The Perks of NOT Being An Employee

The value of my time as a consultant is not a sunk cost.

This was years ago, and the company in question no longer exists as an ongoing entity, but… my client’s top management, in its infinite wisdom, decided that they needed to have an “all hands on deck” meeting. Literally, everyone in the company, from the CEO down to the receptionist at the front desk, was expected to attend. This meeting started at 9 a.m. and lasted till 11 a.m. EVERY DAY. For SIX MONTHS. Not kidding.

This is the same company that, somehow, despite the presence of servers and a Gigabit Ethernet network, had me dispensing 20+ USB thumb drives a month to employees because “sneakernet” was “easier”.

I’d walk in at 10 a.m.(1), and go, “Where is everybody?!? This place is a ghost town.” Then I’d walk by the kitchen/cafeteria/meeting room, and go, “Oh, they’re still in ‘the meeting’, that explains it.” And rejoice at having a metaphorical spinning cash register display floating a few inches above my head.

Having a dollar value attached to your time has a wonderfully salubrious effect on the frequency with which you’re asked to attend pointless meetings and do brain-dead stupid things. It doesn’t prevent all forms of lunacy (you want me to do what? go buy you a paper shredder because that’s somehow a “technical thing”? o.k., sure), but it does reduce the frequency of this phenomenon.

Footnote (1): The way traffic in Silicon Valley works means that in the pre-pandemic world, I either left for work around 6:15 a.m., and got there around 7/7:15 a.m., or I left at 9:15 a.m. and got there around 10 a.m. If I left at, say, 6:45 a.m., I was lucky to make it to the office by 9.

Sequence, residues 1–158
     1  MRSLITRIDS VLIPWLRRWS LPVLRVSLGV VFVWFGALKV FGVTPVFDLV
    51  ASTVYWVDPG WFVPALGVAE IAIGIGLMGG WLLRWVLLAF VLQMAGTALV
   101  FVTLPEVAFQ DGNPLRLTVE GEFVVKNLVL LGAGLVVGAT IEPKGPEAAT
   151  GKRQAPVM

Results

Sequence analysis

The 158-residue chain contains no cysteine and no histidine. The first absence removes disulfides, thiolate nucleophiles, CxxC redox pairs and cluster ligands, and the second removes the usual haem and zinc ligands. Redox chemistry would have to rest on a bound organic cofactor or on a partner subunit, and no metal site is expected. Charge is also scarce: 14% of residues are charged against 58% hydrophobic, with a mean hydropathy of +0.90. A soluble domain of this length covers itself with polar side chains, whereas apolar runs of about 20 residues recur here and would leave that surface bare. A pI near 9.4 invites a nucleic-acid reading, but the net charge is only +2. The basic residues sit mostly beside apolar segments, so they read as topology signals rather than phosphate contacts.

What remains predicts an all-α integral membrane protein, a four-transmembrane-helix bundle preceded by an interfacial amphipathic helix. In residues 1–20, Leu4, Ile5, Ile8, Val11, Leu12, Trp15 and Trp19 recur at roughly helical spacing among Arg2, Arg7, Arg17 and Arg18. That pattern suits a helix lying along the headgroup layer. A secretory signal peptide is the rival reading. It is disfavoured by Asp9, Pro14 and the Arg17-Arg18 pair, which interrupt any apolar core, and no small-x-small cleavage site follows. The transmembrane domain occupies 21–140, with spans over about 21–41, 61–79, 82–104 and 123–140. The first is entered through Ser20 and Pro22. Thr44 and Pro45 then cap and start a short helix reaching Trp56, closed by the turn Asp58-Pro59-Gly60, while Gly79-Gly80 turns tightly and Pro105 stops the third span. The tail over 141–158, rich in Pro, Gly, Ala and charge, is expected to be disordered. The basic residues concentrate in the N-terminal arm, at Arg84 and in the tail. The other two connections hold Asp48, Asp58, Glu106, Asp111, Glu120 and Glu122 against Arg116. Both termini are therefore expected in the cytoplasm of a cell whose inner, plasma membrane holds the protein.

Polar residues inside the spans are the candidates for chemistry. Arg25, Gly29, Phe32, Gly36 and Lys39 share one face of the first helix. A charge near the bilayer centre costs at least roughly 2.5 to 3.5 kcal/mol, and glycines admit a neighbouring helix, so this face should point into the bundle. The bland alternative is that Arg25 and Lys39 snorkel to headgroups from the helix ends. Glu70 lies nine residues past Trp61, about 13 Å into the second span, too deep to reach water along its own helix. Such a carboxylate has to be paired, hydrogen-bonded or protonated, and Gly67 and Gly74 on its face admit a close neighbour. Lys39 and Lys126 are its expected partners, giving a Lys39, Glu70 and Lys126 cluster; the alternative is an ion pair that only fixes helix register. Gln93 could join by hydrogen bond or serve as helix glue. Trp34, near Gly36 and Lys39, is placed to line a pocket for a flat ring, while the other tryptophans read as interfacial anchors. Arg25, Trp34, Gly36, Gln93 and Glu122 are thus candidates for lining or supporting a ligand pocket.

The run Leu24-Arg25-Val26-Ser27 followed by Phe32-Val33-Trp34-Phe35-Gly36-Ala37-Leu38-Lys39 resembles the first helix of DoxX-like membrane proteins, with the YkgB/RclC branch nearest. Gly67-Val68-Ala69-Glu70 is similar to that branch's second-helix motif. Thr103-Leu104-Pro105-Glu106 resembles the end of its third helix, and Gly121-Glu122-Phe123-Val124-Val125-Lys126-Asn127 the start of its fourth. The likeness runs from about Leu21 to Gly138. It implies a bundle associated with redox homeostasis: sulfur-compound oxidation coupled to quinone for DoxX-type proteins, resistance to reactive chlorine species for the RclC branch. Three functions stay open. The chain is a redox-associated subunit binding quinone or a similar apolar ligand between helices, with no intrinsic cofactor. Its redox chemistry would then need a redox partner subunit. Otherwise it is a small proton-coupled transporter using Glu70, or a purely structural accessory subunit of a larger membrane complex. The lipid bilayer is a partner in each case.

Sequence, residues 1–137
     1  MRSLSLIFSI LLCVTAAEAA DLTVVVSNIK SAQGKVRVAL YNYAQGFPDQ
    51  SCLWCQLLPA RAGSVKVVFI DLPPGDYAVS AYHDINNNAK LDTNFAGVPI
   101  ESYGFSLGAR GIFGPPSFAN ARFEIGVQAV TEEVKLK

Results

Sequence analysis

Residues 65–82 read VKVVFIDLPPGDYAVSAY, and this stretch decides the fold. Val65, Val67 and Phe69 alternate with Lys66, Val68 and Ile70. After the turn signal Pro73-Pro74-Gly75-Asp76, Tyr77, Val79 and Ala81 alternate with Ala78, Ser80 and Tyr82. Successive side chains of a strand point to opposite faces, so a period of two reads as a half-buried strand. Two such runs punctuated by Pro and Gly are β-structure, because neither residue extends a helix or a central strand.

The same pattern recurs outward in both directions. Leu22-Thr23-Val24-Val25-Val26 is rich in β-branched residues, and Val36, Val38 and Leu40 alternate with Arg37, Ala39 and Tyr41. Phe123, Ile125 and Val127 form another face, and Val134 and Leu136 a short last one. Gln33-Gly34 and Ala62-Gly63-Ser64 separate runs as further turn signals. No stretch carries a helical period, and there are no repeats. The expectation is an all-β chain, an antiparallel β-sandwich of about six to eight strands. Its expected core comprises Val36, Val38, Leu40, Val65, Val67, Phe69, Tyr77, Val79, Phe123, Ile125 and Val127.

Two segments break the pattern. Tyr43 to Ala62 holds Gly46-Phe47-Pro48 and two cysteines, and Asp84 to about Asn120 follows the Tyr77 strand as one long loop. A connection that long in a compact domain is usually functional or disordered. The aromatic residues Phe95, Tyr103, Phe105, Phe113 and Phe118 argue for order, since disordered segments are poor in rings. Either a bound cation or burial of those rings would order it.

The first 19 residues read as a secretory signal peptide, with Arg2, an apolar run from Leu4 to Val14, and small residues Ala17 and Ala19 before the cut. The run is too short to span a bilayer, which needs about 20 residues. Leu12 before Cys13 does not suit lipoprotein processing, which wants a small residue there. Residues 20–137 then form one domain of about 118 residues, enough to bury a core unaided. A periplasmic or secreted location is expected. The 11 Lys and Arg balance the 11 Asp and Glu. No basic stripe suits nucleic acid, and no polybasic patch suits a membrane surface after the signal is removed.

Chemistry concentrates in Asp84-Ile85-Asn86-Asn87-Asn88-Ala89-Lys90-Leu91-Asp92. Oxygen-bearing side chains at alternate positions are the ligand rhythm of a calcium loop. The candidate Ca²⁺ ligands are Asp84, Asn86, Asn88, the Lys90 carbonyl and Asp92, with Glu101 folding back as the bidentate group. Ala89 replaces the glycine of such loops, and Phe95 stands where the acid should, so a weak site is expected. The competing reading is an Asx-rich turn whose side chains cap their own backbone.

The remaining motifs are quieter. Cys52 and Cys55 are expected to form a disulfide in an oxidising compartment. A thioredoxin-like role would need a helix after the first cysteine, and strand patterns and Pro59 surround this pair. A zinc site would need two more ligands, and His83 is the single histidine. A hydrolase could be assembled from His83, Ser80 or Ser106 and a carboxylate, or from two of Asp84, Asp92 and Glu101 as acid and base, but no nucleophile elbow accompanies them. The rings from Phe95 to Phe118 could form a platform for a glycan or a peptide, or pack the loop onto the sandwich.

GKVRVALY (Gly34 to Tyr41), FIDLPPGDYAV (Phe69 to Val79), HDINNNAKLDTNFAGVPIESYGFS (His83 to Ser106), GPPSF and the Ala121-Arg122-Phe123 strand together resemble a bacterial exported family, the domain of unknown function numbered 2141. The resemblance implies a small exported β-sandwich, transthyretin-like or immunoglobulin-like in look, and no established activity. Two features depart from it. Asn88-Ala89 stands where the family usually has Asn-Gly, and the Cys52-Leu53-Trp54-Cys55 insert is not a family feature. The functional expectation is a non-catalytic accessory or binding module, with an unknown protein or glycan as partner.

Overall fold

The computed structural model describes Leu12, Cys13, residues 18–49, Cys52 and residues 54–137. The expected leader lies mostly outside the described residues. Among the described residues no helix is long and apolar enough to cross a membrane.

Given that I’m not paid to sit in traffic, and gigs where I needed to be on-site always involved a degree of end-user support and interaction, that usually meant arriving later, rather than sooner. It also meant that my workday ended at 6:30 p.m, not 5:30 p.m., which had the handy benefit of meaning I only had to deal with the tail end of rush hour (and usually had an hour of peace to myself at the end of the day).

By Ghost In The Shell

very oldschool computer geek: started with Sears brand Pong on an 11" black and white TV, used a variety of 8-bit home computers, including a Commodore PET... for work; in 1992! Got online in '81, dialed up to BBS systems using 300/1200/2400/9600 baud modems and an ADM3A green screen. Got on the internet via a hard-wired serial connection to the campus Prime minicomputer, where I was also introduce to the Amiga. Essentially wound up being an Internet drop-out from that school, and then again when I quit school a second time and started a successful pre-boom era Was the sysadmin, we ran HP-UX and Solaris. Along the way, I started one of the world's first websites in '93 (and it's still running under someone else's care and feeding). Ran a dot.bomb into the ground around the millennium, then eventually wound up doing IT consulting (glorified sysadmin, essentially) for a living.

Unlike our namesake, I'm an admin who occasionally writes code, so I have a slightly different take.

Leave a Reply